Motor Driver for 12v 150 watts motor 775

What is the motor driver module for 12v, 150 watts, 0.32A motor 775?

Or can you build me a schematic, this is one direction motor, I just need to control it with arduino...

mikechale:
What is the motor driver module for 12v, 150 watts, 0.32A motor 775?

Those numbers don’t work. 150 watts at 12V is 12.5A. 12V x 0.32A is <4 watts. Provide a link to the datasheet for your motor so we can see what is really going on.

Once you sort that out, for speed control but not direction just search for “arduino MOSFET motor” and you’ll find thousands of useful schematics

Steve

Link: https://shopee.ph/DC-12V-150W-13000~15000rpm-775-motor-High-speed-Large-torque-DC-motor-Electric-t-i.129172635.1966392921

Product Description:
Name: motor
Application scope: car wash pump, sprayer, electric tool
Model: 504483
Motor type: 775
Rated voltage: DC12V
Working voltage: 12V
Idling speed: 13000~15000rpm
Rated current: 0.32A
Rated power: 150W
Color: silver
material: metal
Size: 9.84.20.5cm
Package Contents:
1* 775 motor
Only the above package content, other products are not included.
Note: Light shooting and different displays may cause the color of the item in the picture a little different from the real thing. The measurement allowed error is +/- 1-3cm.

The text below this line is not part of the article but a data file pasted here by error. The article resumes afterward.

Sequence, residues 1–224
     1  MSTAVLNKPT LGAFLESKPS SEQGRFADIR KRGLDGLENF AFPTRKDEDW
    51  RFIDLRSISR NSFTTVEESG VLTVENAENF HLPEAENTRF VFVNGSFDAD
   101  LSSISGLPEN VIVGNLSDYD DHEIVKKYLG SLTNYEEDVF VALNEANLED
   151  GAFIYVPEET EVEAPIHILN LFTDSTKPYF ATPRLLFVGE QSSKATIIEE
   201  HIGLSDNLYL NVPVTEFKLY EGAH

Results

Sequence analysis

We'll have to guess that the 0.32A is the no-load current (so no use to anyone really). It looks like a conventional 700 series motor so 150W is reasonable. Call it about 12.5A maximum running current, quite a bit more on startup.

So pick a schematic and look for a logic level MOSFET to suit. I'd aim for at least 50A Ids for the MOSFET to give you a better chance of getting away without needing a big heat sink. Something like an RFP50N05L would probably do the job but there are plenty of other choices.

Steve

The stall current for a 12V 775 motor is 43A.

You can get H-bridges like below and just use them in one direction.

https://www.ebay.com/itm/US-Dual-Motor-Driver-Module-Board-H-bridge-DC-MOSFET-IRF3205-3-36V-15A-Peak30A-/264472008972?hash=item3d93c2990c&_trkparms=pageci%3A711cea8f-2826-11ea-a01c-74dbd180bd02|parentrq%3A441af8c516f0ad31c3e60cc6ff94c53a|iid%3A1

slipstick:
We'll have to guess that the 0.32A is the no-load current (so no use to anyone really). It looks like a conventional 700 series motor so 150W is reasonable. Call it about 12.5A maximum running current, quite a bit more on startup.

Better to not guess and go to a website with reliable data on their products... Who knows if the picture even matches the reality?

MarkT:
Better to not guess and go to a website with reliable data on their products... Who knows if the picture even matches the reality?

As a professional designer that's exactly what you'd do. But when it's just a hobby...if you refused to use anything that didn't have a reliable detailed specification you'd spend a lot more money and IMO have a lot less fun. Most things really are pretty much what they seem to be. You just have to recognise that experimenting is part of your hobby.

Steve